Rachel Lindo, Staff Writer
I am going to be upfront before I start this article: something hasn’t been sitting right with me with Augsburg’s Honors Program.
I know I’m coming off aggressive in this; I’m a cranky creative who was promised that this was a university for everyone. I strongly believe once one steps foot in university and college life, it is a fresh start and everyone –– yes, everyone –– has a chance for an education.
Why were honors courses required for the general courses? I’ve been in honors and gifted courses most of my life in K–12 education. Usually, it means that it relates to a college-level course. That’s it. So when it came my time to transfer in, I was told I would have to argue to not retake honors courses for credits that have already transferred over.
That’s fishy to me. Maybe it’s because I have anxiety, but that does not sit right with me. I went in and changed my mind, telling my advisor that I know that this honors program would not fit for my ADHD. Now, I do not discourage anyone who has a learning disability from taking honors classes, but I do hesitate at a required morning class and a lab much later in the day. I, at the time, was a student who had to commute to get here, so, again, this was another barrier I would have to break through.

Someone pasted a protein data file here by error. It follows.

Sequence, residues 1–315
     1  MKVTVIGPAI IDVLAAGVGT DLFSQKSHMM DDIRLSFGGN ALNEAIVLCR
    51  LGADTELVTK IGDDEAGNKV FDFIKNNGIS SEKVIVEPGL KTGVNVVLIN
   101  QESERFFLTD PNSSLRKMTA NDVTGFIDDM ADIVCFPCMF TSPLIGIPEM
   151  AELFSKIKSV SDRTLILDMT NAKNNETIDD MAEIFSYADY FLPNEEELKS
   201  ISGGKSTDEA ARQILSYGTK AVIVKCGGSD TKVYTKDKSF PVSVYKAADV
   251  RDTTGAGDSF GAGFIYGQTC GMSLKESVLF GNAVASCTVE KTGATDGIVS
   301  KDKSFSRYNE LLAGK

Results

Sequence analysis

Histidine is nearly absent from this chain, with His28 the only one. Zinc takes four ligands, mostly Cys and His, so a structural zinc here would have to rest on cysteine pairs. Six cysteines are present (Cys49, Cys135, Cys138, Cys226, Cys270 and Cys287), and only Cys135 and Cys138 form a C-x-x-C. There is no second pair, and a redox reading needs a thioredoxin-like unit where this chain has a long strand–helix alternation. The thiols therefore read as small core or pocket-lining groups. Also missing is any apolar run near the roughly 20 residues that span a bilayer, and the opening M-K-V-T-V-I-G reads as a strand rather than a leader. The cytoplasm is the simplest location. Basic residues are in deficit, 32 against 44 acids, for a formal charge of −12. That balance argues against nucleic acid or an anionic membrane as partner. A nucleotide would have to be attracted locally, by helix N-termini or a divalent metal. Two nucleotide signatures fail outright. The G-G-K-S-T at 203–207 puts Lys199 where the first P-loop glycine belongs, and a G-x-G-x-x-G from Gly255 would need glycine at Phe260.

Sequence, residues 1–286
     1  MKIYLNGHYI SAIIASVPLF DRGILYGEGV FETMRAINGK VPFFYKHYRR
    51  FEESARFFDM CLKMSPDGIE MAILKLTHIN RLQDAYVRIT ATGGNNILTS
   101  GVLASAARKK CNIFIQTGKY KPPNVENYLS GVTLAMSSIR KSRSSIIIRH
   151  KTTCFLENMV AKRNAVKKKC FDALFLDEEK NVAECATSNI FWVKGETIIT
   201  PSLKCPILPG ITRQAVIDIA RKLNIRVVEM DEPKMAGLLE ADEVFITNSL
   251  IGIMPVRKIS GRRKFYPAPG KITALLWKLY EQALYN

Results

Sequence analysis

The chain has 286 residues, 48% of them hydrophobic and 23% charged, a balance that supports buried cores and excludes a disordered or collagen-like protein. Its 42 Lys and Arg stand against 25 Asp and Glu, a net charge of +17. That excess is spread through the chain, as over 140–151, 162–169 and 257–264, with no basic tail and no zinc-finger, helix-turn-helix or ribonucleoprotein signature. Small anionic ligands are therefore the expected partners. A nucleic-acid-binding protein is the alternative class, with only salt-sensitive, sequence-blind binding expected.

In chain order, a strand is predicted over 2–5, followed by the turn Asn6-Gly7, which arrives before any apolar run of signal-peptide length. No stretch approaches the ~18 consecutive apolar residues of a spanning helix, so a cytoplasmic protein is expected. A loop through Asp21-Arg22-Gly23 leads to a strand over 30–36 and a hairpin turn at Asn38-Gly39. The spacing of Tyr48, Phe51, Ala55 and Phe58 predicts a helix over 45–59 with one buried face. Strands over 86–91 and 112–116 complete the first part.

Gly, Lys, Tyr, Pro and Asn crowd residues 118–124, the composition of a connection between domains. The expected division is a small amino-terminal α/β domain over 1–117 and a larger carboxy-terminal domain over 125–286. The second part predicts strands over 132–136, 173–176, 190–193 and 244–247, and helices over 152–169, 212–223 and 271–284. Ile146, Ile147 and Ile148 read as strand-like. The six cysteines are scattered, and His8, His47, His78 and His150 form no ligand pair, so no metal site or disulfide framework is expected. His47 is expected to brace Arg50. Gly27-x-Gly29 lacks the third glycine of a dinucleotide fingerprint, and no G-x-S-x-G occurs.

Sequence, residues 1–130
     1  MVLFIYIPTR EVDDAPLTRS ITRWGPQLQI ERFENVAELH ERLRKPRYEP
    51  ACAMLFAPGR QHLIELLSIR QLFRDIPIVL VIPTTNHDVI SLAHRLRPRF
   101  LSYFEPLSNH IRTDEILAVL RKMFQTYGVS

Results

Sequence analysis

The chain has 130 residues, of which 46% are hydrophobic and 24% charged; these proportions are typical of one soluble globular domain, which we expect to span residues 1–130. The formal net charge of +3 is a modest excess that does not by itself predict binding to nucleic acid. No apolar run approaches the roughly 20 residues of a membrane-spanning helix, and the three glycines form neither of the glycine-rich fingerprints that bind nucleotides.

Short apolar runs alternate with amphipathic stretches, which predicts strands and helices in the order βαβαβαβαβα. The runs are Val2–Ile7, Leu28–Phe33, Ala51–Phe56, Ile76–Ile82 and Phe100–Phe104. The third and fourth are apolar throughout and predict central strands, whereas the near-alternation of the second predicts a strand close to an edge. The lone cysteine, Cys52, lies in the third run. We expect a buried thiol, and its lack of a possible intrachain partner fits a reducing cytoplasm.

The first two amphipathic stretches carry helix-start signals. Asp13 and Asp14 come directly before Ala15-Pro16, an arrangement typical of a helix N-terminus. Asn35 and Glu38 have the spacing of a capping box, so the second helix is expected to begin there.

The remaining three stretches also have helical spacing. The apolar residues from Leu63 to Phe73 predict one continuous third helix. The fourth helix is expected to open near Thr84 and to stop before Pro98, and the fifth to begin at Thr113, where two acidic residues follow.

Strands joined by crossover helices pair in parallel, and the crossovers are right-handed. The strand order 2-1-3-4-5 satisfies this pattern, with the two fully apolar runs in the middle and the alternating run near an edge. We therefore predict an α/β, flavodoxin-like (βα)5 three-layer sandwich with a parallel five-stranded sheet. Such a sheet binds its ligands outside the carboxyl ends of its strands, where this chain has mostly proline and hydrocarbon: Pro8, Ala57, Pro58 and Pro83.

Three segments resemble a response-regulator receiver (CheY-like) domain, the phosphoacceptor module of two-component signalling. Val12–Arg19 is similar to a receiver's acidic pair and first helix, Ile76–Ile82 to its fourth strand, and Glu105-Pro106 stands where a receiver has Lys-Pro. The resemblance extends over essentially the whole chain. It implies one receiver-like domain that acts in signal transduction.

When I thought I withdrew, I thought everything was fine. No. I still was receiving emails from the honors program; I hadn’t seen any reimbursement of my money paid for the program (which, yes, had a whole semester to get back to me with). It wasn’t until I went to another advising appointment for the next semester. They still had me registered in the program, even though I believed that my advisor would communicate to Professor Adamo that a student would be withdrawing. I believed I would receive an email with anything required for me leaving a program I knew wasn’t good for my ability to have academic success.
Now, as the advisor I worked with at the time was searching for a link to the withdrawal form, another odd thing happened: it was nowhere to be seen. I would have to jump through more hoops to withdraw from a program I wasn’t given enough information about to make a proper choice. Looking into the general information, the honors program promises a different way to learn something when we’re at a private university with enough money to grant us unique classes so we, as students, have a choice on how we want to learn.
It doesn’t take much to know that hearing is not the same thing as listening. All I’m asking with this is that we, as students, faculty, staff and anyone else hold someone accountable for not holding up to the standards Augsburg University has promised to all of us.
Now, I’m still up for looking for more things wrong that need fixing, and it seems there are plenty of things to fix.
This article was originally published in the Feb. 8, 2019 issue.